More Twin Cities suburbs are growing sweet on bees

  • Article by: Kelly Smith , Star Tribune
  • Updated: January 21, 2014 - 7:49 AM

Foodies and environmentalists are adding hives.

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Minnesoda73Jan. 20, 14 9:17 PM

Bees are great!

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rlwr51Jan. 20, 1410:59 PM

It would help if people did not buy or plant anything treated with nicotinamide pesticide. It has been linked to the disappearance of bees and probably Monarch butterflies. It is on most bedding and garden plants that you buy at common nurseries. Most seeds are also treated with it. Ask. If people start demanding plants that aren't treated it would do some good.

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tituspulloJan. 20, 1411:27 PM

Love bees...I've done everything I can to make my rural property more attractive to bees. Glad to see some in the suburbs embracing the love as well.

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orvestaJan. 21, 1412:54 AM

Honeybees are so busy working they rarely if ever bother humans, unless the humans directly threaten their hive, meaning come within a couple feet and try to open or disturb it. Sad to say, countless people automatically blame honeybees for any and every insect incident they've had. It's very rare that somebody who has even a small understanding of honeybees is against them... The death of honeybee and pollinator species may signal the death of humans as a species.

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hammarhead1Jan. 21, 14 5:47 AM

Most people don't know the difference between a honey bee and a yellow jacket. Honey bees are very docile and almost never sting.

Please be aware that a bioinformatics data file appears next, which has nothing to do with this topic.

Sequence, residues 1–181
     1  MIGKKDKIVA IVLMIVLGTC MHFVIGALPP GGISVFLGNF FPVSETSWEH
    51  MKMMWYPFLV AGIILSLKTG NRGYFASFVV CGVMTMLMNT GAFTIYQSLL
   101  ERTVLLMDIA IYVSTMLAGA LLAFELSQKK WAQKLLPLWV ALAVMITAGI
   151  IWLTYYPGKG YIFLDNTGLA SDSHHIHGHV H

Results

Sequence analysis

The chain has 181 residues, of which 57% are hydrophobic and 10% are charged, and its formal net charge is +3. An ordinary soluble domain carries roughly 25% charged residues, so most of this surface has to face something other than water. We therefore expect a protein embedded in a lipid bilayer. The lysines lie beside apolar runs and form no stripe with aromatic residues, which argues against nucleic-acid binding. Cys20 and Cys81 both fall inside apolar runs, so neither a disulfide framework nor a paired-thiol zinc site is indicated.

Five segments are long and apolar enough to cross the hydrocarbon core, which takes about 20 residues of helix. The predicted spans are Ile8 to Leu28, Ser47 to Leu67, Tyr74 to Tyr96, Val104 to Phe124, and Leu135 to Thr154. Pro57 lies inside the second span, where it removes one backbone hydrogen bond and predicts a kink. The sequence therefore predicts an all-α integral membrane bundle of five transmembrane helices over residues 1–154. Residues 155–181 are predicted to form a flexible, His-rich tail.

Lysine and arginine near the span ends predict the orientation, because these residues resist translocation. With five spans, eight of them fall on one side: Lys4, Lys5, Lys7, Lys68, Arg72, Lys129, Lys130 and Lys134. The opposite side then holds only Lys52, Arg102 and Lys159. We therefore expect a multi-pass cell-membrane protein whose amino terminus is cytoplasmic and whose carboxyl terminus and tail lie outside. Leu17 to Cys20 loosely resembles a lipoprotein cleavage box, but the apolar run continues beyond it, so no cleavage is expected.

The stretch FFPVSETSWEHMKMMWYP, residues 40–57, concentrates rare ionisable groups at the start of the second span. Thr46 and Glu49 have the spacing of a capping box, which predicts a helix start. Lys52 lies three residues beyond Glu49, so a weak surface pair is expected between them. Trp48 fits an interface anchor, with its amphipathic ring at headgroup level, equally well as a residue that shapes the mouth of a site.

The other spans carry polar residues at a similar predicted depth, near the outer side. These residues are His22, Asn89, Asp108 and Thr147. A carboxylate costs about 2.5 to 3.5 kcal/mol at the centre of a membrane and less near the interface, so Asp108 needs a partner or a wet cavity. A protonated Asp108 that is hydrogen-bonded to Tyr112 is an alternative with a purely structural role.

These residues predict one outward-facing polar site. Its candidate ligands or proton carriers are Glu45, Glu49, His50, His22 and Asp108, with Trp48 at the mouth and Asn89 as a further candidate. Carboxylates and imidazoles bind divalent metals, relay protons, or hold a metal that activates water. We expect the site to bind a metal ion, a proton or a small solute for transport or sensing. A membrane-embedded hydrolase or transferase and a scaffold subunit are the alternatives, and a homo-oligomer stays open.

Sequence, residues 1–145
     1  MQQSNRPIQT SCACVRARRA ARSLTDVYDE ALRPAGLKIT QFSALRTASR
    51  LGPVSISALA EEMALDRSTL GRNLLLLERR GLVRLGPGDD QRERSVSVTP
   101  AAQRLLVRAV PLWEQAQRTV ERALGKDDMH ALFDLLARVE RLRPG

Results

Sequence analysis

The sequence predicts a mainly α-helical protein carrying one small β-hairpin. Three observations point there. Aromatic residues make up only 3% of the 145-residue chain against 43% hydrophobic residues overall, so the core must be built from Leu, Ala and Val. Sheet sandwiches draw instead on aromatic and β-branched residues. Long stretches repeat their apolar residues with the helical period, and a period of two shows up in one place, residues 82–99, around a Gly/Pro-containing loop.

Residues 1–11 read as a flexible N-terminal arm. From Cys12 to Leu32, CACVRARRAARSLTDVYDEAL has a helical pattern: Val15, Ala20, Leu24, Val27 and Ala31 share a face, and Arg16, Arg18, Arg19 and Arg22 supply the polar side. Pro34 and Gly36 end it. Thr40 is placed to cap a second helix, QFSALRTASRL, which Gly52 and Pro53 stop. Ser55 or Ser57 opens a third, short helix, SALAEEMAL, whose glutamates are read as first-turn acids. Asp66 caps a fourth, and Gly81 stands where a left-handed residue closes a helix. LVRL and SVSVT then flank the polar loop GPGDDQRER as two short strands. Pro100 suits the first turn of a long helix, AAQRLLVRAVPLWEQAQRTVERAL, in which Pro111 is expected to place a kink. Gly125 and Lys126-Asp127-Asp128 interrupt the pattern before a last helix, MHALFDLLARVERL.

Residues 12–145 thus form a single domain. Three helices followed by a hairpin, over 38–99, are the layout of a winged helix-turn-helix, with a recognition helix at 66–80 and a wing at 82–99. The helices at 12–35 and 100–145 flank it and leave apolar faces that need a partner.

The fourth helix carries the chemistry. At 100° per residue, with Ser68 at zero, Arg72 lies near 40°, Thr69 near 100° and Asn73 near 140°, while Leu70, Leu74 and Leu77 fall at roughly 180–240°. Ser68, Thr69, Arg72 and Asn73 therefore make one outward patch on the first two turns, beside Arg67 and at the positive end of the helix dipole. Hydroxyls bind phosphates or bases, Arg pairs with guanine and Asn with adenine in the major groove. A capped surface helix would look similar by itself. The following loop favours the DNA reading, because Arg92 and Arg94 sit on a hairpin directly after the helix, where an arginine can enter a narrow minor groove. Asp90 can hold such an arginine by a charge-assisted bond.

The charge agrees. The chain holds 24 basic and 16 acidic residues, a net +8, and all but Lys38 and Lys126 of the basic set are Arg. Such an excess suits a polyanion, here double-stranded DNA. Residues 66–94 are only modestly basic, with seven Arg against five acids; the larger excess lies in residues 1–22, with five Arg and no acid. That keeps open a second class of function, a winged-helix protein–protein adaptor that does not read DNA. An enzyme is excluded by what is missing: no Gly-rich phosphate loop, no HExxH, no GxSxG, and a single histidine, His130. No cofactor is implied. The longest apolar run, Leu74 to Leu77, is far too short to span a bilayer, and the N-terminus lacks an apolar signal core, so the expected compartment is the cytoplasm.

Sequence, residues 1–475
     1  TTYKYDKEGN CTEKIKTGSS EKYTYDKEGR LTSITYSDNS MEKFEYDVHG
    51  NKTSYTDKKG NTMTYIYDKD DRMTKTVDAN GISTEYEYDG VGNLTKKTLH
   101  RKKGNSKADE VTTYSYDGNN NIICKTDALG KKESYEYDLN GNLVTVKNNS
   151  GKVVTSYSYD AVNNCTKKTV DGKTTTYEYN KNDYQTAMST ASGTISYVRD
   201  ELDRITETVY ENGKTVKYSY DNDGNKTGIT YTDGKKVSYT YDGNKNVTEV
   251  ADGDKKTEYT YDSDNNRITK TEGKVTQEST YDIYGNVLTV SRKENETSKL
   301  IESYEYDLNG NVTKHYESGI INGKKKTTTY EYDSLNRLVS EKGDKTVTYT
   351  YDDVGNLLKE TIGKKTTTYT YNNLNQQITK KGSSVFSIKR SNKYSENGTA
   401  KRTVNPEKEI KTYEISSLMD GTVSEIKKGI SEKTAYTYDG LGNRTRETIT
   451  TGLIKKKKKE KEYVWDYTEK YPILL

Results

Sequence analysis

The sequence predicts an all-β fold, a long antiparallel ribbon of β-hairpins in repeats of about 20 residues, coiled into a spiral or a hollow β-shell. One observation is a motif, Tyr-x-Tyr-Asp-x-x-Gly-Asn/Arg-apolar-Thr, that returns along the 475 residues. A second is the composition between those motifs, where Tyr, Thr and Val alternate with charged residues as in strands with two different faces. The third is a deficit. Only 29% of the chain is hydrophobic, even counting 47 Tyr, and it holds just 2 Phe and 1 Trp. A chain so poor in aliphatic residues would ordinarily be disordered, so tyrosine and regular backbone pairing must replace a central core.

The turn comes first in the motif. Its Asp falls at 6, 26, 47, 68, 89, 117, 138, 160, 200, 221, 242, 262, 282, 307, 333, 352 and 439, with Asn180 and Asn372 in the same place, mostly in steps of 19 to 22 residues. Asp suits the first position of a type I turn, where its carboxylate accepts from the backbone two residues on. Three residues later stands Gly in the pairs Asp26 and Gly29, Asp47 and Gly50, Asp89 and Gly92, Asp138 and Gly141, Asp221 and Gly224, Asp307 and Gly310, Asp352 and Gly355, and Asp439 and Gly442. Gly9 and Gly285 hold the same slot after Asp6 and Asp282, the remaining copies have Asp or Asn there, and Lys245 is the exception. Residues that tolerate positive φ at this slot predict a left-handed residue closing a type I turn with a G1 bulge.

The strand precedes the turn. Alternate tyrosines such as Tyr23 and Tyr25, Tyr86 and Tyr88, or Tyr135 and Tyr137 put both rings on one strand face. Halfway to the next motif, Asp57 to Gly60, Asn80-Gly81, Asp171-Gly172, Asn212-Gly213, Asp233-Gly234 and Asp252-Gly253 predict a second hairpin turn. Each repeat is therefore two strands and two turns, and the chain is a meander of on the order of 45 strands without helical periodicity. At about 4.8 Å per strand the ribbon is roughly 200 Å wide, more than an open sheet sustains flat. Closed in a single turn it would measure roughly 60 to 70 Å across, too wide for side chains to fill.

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ninetwelveJan. 21, 14 7:47 AM

It's intriguing to me that there have been and are several theories relating to the rise of colony collapse disorder and most are centered around an evil seed company, pesticide company, or cell phone tower...the irony is that Rudolph Steiner predicted (in 1923) that colony collapse would likely occur in approximately 80 years or as we like to call it today. I believe his point was one of bio-diversity or really genetic diversity or the lack thereof would cause problems. I'm not saying saying that pesticides, etc can't or don't harm bee populations, but I'm saying that we need to look at the big picture. Look also and especially at natural enemies of the bees (mites, beetles, and bee family trees that don't fork).

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orbit79Jan. 21, 14 8:50 AM

During high school and college, I worked six summers for a sunflower research company up here in lakes country. Many of our fields had honey bee hives/boxes installed once the flowers were in full bloom - better pollination for us; higher honey yields for the beekeepers! It was a win-win setup. And that perpetual hum of thousands of bees surrounding you - I miss that! But I just wanted to say that in those six years in the fields, I was only stung ONCE. And that was because the bee fell into my shirt collar and couldn't find its way out. Aside from little snafus like that, bees really don't bother you if you don't bother them. Bring 'em on and let's see 'em thrive!

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swmnguyJan. 21, 14 1:28 PM

I worked on a honey farm a few summers as a kid. I got stung a lot, mostly during harvesting and extraction. However, if you're not actively stealing the bee's honey and messing with the hive, you're very unlikely to get stung. Honeybees are very reluctant to sting. It pulls the stinger out of their body and they die. If they do sting you, you may be able to flick the stinger out of your body without squeezing the venom sac and then there's almost no harm at all. For people with allergies honeybees, even a lot of them, are far less of a danger than the wasps and yellowjackets and even "sweatbees" that are already all around.

I really like honeybees. Besides their integral place in our whole ecosystem and plant/food system, they're just cool animals. If a neighbor or somebody on my block wanted to raise bees I'd be all for it, if they knew what they were doing. It would be a great net benefit for all of us who garden here.

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davehougJan. 21, 14 5:37 PM

Hey folks, be kind, ask your neighbors if anyone has a bee allergy and share some honey. Any city council meeting goes better if neighbors are on board.

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